On April 20, four days before the discussion, I delivered a plan to Wauck, Edwards and Agee that details a strategy to engage residents through one-on-one, on-the-street conversations, and in structured group dialogues. It also suggests residents who are not employed with partner organizations be included within the project itself as paid participants. The plan’s ultimate goal is “to engage, utilize and empower” residents, particularly those who may not attend a meeting.
The plan was created in cooperation with members of the Five Points Neighborhood Association in 2015. It was prepared at the request of individuals working to create a park on the Beerline Trail north of Keefe Avenue but was never implemented.
The Beerline Trail project ultimately produced few results despite receiving more than $725,000 in grant funding. The city was a partner in that project, as well.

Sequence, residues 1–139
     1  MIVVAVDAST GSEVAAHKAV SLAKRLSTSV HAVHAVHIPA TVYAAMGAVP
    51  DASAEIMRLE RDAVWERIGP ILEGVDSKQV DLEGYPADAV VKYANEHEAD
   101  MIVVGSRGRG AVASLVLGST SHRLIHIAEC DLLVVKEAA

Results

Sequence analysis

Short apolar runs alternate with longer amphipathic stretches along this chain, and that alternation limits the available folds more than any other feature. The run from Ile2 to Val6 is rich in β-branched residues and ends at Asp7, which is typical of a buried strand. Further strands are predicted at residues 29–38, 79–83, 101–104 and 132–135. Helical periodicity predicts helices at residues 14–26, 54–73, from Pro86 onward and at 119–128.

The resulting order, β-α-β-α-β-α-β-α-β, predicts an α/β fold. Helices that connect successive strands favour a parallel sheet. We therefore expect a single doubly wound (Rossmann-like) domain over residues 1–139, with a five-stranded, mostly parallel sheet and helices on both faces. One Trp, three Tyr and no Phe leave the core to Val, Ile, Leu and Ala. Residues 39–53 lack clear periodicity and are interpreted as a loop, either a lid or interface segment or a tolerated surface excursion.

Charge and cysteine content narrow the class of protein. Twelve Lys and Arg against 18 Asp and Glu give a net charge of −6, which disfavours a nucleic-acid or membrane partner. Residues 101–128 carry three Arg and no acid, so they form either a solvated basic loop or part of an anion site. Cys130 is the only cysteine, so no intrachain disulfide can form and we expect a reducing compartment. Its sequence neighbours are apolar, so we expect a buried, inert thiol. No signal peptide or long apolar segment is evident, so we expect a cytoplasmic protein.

Wauck said she reviewed the plan but declined to share any thoughts.
“Advice is no good unless you’re desperate enough to hear it,” said Tony Paige, who has lived in Harambee with his wife for decades. “If the city really wants to do something … they’ll listen to us.”
Did you find value in this story? If so, please sign up to receive periodic updates.
Will you help support us so we can continue to bring you the real stories of regular people? This work is supported by small, individual monthly contributions from people just like you. Please consider becoming a member today!